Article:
For Trafikverket preliminary investigation (data not shown) indicates that a general aesthetics-demand factor of 10% to 50% could be acceptable, thus 30% is used in the case study below. Accordingly, the most aesthetically pleasing design could ultimately be chosen even if it is 30% more expensive than the aesthetically-worst alternative. The lower section of Table 5 presents results of a sensitivity analysis addressing the impact of varying this parameter on the LCC-effectiveness of the proposals.
Four items are considered in the evaluation of the bridge site class, shown in Table 4. A bridge site class is assigned to each item based on the corresponding argument shown in Table 4, while the overall site class is determined as the average of those four classes. Thus, the bridge site is assigned to Class II, “Demanding”, corresponding to a 67% site-class factor.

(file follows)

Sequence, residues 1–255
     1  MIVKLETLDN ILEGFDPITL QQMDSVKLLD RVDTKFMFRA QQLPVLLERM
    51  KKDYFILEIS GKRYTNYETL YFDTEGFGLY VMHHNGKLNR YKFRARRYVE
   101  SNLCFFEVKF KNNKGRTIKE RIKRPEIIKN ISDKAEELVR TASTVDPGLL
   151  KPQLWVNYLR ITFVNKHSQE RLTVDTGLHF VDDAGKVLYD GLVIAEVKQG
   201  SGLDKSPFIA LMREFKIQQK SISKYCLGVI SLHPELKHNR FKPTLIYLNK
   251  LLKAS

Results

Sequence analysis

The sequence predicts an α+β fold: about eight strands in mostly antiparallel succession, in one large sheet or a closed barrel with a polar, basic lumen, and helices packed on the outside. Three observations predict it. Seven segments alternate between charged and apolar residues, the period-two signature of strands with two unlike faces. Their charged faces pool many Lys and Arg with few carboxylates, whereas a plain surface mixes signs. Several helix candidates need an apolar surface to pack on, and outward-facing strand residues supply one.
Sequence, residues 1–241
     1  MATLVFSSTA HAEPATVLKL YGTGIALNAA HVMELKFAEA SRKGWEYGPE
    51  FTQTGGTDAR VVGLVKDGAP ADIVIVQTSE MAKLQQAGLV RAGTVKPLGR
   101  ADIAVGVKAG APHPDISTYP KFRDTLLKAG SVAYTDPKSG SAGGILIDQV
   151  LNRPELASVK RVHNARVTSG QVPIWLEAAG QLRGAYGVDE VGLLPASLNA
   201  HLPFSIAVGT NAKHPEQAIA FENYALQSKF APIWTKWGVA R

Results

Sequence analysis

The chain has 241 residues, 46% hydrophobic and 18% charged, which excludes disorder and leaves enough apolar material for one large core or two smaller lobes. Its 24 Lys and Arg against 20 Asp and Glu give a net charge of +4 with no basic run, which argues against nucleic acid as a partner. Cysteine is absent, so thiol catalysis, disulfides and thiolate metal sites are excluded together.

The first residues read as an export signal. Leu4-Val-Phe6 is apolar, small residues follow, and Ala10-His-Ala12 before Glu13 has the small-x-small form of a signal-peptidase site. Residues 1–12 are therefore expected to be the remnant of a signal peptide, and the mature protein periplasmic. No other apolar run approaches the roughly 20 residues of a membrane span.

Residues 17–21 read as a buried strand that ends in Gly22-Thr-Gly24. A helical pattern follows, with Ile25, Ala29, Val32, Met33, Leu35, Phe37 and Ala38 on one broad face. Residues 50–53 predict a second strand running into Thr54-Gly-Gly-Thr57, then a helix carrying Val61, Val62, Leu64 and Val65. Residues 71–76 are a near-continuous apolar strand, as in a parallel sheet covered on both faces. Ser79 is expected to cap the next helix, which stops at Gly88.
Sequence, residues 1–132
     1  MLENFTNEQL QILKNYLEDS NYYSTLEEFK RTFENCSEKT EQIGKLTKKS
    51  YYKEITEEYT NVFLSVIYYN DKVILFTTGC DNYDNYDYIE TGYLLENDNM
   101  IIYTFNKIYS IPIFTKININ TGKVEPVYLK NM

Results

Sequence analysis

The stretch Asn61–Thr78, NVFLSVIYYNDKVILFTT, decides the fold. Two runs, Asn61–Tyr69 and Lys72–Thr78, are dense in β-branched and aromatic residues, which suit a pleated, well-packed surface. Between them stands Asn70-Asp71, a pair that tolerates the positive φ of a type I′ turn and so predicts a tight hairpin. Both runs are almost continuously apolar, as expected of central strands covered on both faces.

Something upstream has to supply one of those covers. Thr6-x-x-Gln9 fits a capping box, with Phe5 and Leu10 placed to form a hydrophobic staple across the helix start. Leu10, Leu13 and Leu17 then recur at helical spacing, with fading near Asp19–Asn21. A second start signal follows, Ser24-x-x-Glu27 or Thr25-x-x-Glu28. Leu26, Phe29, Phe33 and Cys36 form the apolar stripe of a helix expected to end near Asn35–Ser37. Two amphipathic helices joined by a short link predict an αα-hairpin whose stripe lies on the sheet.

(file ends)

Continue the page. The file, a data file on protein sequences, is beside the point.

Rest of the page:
Table 4 The process used to evaluate the bridge site class
Consequently, the aesthetics WTPE computed using equation 4, would be 3.66 Million SEK, considering a value of 0.30 for Trafikverket’s general aesthetics-demand factor. The aesthetics WTPE should be stated in the tender documents. The items to be evaluated and their weight factors (Table 5) are based on recommendations in several bridge aesthetics guidelines (ETSI Project 2009; NSW RTA 2003). The total weight of the considered items has been set here at 100, but the user could change these values, neglect some items or add others, as appropriate for a particular case.
Table 5. Items considered for aesthetic evaluation, their weight factors and evaluation results